Outten & Golden: Empowering Employees in the Workplace

Posts Tagged ‘Rosie the Riveter’

Remember the ‘Rosie the Riveter’ Image Pretty Much Everybody Knows? It's Not What You Might Think

Monday, October 20th, 2014

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There are icons of our culture that sometimes aren’t what they seem to be. Or maybe they evolve over time to become something else.

Rosie the Riveter was somebody who made it into a popular song, the cover of a Saturday Evening Post and the modern feminist movement. But like many things in our culture, her actual appearance was different from what the media portrayed. In researching this, I was rather amazed at the number of women who were supposedly the real Rosie.

Rosie the Riveter was not really just one person. She was a composite of all of the women who went to work, many for the first time, during World War II. These were the jobs that men used to do—factories, assembly lines, welding, taxicab drivers, business managers and much more. Some 6 million women became Rosies all over the country. From 1940 to 1945, the female workforce grew by 50%. The phenomenon even created a secondary need that wasn’t very much in demand before that: child care workers.

 

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By 1944, the movement increased the number of working American women to 20 million. Some were African American, Latina and other backgrounds who were previously underrepresented in the workforce.

Rosie the Riveter first came into our nation’s consciousness via a popular song. Our country already was experiencing women in the workforce, and the effort to recruit women was being spun up. In 1942, Redd Evans and John Jacob Loeb penned a song, “Rosie the Riveter,” about these women who were going to work in massive numbers.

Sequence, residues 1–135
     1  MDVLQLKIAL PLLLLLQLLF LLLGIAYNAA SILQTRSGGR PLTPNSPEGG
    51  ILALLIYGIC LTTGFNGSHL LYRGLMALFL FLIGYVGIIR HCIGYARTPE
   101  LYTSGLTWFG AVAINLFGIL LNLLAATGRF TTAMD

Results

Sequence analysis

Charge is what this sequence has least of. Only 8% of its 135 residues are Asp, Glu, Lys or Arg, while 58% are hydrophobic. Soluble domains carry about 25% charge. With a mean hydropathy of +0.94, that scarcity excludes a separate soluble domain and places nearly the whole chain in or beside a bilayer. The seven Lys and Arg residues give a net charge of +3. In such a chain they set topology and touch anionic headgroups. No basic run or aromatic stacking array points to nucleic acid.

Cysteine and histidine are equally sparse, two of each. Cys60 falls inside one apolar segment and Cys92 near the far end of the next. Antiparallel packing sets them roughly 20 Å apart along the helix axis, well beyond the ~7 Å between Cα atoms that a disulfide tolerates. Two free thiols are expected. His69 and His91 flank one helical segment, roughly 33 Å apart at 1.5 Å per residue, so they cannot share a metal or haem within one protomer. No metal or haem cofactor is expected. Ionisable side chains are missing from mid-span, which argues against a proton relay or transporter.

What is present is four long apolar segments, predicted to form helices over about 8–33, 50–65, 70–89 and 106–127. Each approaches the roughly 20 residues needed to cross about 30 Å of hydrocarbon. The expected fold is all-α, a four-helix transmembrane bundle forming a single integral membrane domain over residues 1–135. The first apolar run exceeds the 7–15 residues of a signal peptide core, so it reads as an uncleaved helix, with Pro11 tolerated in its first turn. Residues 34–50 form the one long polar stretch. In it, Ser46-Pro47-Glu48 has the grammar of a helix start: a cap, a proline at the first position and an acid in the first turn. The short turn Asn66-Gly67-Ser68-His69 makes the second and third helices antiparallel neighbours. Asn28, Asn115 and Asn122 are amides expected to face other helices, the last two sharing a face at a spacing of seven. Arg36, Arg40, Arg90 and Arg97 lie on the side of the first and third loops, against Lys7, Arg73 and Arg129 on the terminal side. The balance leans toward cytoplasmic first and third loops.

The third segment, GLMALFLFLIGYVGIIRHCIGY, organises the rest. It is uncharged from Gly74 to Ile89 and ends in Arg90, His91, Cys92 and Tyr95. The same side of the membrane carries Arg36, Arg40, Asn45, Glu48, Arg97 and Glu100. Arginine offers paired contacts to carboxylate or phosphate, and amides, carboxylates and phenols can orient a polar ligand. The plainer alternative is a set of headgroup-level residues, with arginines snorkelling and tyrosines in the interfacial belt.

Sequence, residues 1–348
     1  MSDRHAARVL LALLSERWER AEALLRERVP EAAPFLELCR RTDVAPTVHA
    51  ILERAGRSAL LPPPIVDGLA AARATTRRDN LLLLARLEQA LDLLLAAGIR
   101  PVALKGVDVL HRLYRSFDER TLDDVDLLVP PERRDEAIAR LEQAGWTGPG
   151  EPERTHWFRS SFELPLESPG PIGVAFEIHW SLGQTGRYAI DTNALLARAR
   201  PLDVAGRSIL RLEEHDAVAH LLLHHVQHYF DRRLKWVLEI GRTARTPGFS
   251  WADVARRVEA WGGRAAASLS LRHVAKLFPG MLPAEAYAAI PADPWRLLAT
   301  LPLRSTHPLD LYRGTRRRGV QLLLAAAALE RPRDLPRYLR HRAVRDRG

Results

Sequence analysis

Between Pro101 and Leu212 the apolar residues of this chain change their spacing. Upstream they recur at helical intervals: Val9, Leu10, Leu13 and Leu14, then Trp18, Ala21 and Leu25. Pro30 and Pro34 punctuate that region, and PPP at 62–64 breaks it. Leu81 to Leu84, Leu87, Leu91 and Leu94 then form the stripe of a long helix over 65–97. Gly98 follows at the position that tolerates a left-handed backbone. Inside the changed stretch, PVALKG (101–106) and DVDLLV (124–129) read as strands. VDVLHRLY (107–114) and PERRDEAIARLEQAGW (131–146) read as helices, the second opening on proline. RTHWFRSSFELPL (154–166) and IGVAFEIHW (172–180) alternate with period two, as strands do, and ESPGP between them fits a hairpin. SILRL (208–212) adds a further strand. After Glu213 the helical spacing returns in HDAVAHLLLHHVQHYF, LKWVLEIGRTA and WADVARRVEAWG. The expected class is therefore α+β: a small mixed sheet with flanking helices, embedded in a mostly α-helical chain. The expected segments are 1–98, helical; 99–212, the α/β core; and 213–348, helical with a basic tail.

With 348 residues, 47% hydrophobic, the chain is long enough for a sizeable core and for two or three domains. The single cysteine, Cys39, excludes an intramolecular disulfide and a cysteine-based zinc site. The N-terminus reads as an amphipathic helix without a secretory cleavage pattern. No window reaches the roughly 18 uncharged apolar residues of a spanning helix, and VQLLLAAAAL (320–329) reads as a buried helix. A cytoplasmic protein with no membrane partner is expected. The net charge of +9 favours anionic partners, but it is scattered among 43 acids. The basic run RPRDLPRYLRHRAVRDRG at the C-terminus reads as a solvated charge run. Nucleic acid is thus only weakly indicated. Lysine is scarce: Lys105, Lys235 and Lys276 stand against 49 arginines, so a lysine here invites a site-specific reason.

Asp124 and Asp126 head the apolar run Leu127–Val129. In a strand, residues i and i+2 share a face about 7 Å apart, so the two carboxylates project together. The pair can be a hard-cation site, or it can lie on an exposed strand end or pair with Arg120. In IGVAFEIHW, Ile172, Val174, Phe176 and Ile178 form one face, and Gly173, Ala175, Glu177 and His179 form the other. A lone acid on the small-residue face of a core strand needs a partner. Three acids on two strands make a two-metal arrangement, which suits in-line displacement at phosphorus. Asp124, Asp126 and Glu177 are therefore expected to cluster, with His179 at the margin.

This blog originally appeared in AFL-CIO.org on October 18, 2014. Reprinted with permission. http://www.aflcio.org/Blog/Other-News/Remember-the-Rosie-the-Riveter-Image-Pretty-Much-Everybody-Knows-It-s-Not-What-You-Might-Think.

About the Author: Brandon Weber writes for AFL-CIO on labor and union history.

Inspiration for World War II Rosie the Riveter Dies

Tuesday, January 4th, 2011

Image: Mike HallThe 17-year-old  Michigan factory worker who was the inspiration for the iconic World War II Rosie the Riveter, “We Can Do It” poster, died Dec. 26 in Lansing, Mich. Geraldine Doyle was  86.

According to a Washington Post obituary, Doyle was on the job in a metal factory just a few weeks after graduating from high school in 1942 when a United Press International (UPI) photographer shot a picture of  her leaning over a piece of machinery and wearing a red and white polka-dot bandanna over her hair.

Westinghouse Corp. commissioned artist J. Howard Miller to produce several morale-boosting posters for display inside its buildings. The project was funded by the government as a way to motivate workers and perhaps recruit new ones for the war effort.

Smitten with the UPI photo, Miller reportedly was said to have decided to base one of his posters on the anonymous, slender metal worker—Doyle.

The poster and the name “Rosie the Riveter” came to symbolize the millions of women who entered the World War II workforce and who were especially instrumental in the war industries—shipyards, munitions plants and airplane factories—that had been strictly male dominated. With millions of men in the armed services, women took over these vital jobs.

For more on Rosie and women on the World War II home front assembly lines, visit the Rosie the Riveter Trust.

This article was originally posted on AFL-CIO Now Blog.

About The Author: Mike Hall is a former West Virginia newspaper reporter, staff writer for the United Mine Workers Journal and managing editor of the Seafarers Log. He came to the AFL- CIO in 1989 and have written for several federation publications, focusing on legislation and politics, especially grassroots mobilization and workplace safety.

For the Strength of Rosie the Riveter: Make It in America

Tuesday, August 3rd, 2010

Leo GerardRosie the Riveter defiantly rolls up her blue work shirt to show off a brawny bicep. She’s a symbol of American strength.

She worked in a manufacturing job, one of millions that constructed the defense machine that won World War II for the Allies. She said, “We can do it.” And America did.

Now, however, shuttered U.S. factories and off-shored manufacturing are sapping American strength. The nation has lost more than 40,000 manufacturing plants and one-third of its manufacturing jobs, nearly six million, over the past dozen years. China is on the verge of overtaking the U.S. in manufacturing output. And Americans know it. Late in April, 58 percent of 1,000 likely voters told pollsters they believed America’s economy no longer led the world.

They also told pollsters they supported enacting a national manufacturing policy to promote resurgence of domestic production — a return to the days of a robust Rosie the Riveter and a country that could secure its independence with dynamic manufacturing capability.